Gun-control advocates hope recent wins signal changing tide
PORTLAND — It's long been conventional wisdom that fighting for gun control is a good way to end a politician's career.
But advocates of tighter gun laws are pointing to a pair of victories in the Pacific Northwest as evidence that the tide is shifting.
Last year in Washington, voters overwhelmingly supported mandatory background checks on private gun sales. Lawmakers in Oregon approved similar legislation this year, and last week it became clear there wouldn't be political consequences. Gun-rights supporters were unable to gather enough signatures to force recall elections for the bill's supporters.
"We are seeing it again and again, that this is actually a winning issue and you can vote to protect the American public and make the American public safe, and your political career will flourish," said John Feinblatt, president of Everytown for Gun Safety, an advocacy group backed by millions from billionaire Michael Bloomberg, the former New York mayor.
Gun-rights supporters scoff at the idea that their political power is eroding. While gun control advocates have notched a string of successes since the 2012 shootings at Sandy Hook Elementary, they've come largely in battleground or left-leaning states. Changes at the national level have stalled. And conservative states have gone toward fewer gun restrictions.
"Once again we see Michael Bloomberg funded gun control groups lie and distort the facts in an effort to further their anti-gun agenda," said Lars Dalseide, a spokesman for the National Rifle Association.
The NRA and other gun rights advocacy groups have spent the past two decades pushing state legislatures to adopt laws friendly to gun owners, such as less restrictive policies on concealed weapons and protections for using a gun in self-defense. Gun-control advocates have only recently started taking a similar track, focusing on victories at the state level, said Harry Wilson, a Roanoke University professor who wrote the 2015 book "The Triumph of the Gun Rights Argument."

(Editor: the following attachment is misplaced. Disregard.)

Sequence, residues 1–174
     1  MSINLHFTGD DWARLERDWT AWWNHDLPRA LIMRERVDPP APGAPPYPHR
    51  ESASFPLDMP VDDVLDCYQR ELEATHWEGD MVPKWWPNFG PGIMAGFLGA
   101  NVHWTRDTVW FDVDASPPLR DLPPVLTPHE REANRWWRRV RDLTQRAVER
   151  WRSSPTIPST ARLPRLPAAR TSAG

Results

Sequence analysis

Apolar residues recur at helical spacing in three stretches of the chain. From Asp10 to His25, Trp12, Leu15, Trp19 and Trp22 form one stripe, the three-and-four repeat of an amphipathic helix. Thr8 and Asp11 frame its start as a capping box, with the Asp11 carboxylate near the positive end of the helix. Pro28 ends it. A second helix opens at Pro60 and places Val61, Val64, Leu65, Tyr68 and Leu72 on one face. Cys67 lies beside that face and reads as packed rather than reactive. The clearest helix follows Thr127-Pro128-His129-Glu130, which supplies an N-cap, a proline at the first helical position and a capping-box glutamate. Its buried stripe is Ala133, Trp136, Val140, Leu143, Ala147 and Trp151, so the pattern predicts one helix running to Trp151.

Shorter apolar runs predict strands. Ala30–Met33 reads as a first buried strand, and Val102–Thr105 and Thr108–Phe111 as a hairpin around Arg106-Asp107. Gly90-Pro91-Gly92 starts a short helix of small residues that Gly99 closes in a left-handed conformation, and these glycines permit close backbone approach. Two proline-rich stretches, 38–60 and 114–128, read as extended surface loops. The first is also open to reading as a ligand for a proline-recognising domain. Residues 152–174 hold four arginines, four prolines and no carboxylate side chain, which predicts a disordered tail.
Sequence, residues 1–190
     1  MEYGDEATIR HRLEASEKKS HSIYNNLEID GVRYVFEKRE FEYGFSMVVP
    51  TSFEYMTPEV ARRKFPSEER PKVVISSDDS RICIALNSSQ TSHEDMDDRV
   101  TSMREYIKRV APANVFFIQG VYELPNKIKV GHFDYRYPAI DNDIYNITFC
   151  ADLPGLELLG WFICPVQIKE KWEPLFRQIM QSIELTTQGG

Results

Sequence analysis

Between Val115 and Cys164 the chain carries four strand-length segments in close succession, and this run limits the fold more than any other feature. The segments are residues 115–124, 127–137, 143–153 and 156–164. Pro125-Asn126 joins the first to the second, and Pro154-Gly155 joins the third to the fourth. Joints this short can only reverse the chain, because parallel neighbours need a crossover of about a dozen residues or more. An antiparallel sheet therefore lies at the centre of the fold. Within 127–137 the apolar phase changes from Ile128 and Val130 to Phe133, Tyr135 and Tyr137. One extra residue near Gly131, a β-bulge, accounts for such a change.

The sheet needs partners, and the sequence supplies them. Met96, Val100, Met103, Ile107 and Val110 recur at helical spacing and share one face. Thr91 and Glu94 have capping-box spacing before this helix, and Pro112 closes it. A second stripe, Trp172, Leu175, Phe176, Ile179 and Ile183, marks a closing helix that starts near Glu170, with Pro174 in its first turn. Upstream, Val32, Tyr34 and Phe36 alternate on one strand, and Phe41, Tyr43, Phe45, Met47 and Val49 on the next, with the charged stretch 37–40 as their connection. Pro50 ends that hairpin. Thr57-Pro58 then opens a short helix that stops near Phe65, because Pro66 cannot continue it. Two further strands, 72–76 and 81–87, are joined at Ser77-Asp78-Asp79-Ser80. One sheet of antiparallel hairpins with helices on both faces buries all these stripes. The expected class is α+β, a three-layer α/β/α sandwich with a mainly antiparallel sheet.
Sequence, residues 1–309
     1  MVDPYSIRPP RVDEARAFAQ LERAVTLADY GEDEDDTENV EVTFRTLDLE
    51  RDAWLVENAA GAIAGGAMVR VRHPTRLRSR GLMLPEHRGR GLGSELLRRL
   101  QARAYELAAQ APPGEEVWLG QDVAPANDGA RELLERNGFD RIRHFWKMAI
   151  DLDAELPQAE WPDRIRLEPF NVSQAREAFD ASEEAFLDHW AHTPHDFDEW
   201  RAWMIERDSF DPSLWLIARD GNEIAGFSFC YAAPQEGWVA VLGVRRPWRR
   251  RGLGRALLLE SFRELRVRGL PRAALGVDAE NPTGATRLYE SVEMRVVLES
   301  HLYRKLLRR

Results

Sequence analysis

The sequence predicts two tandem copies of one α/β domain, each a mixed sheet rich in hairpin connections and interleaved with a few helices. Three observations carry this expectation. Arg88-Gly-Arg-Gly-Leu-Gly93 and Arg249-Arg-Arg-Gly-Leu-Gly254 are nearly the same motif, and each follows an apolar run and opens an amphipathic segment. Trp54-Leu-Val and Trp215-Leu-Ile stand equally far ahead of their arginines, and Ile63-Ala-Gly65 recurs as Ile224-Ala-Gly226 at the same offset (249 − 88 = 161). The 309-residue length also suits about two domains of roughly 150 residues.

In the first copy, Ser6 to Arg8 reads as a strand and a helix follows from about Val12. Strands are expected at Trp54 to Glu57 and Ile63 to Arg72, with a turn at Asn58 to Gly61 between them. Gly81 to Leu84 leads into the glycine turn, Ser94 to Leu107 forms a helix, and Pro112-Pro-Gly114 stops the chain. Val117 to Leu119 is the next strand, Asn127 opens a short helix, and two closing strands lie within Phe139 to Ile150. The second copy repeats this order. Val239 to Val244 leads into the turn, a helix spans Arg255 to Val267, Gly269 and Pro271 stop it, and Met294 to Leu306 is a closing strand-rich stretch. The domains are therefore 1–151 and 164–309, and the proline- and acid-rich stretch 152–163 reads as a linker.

"What we saw after Sandy Hook, states that tended to have very strict laws made their laws even more strict," said Wilson, director of the Institute for Policy and Opinion Research at the Virginia university. "But states that tended to have lenient laws in many cases made their laws even less strict. States continued on the path that they've run."
The new Oregon law requires gun buyers and sellers who aren't related to visit a licensed firearm dealer who can conduct a background check. If the buyer passes, the gun can be sold.
Gun rights advocates — who say the law infringes on their rights — began collecting signatures in an effort to recall four of the lawmakers who supported the bill. Three of the movements quickly fizzled, but organizers of a recall targeting the bill's primary sponsor, Democratic Sen. Floyd Prozanksi of Eugene, collected more than 10,000 signatures. Last week, state elections officials ruled that more 15 percent or more were invalid and the organizers fell 200 short of the threshold to require a recount.
The Legislature's approval came only after Democrats — with the help of money from gun-control interest groups — expanded their legislative majorities in the 2014 election.
Kevin Starrett, head of the Oregon Firearms Federation, which funded the recall attempt, said gun-control advocates are reading too much into the recall's failure. According to the secretary of state's count, it barely fell short even after getting no money or support from national gun-rights groups, he said.
Washington state voters last year overwhelmingly supported an initiative to require background checks on all gun sales, including private transactions that don't involve relatives.
Colorado's Legislature approved stricter gun laws following the 2012 shooting at an Aurora movie theater. Two Democratic lawmakers who supported the bill were recalled in 2013, a move that sparked concern among Democrats that they could lose their job if they earn the wrath of the NRA by supporting gun restrictions. But groups seeking tougher gun laws point out that Democrats won those seats back in the next election.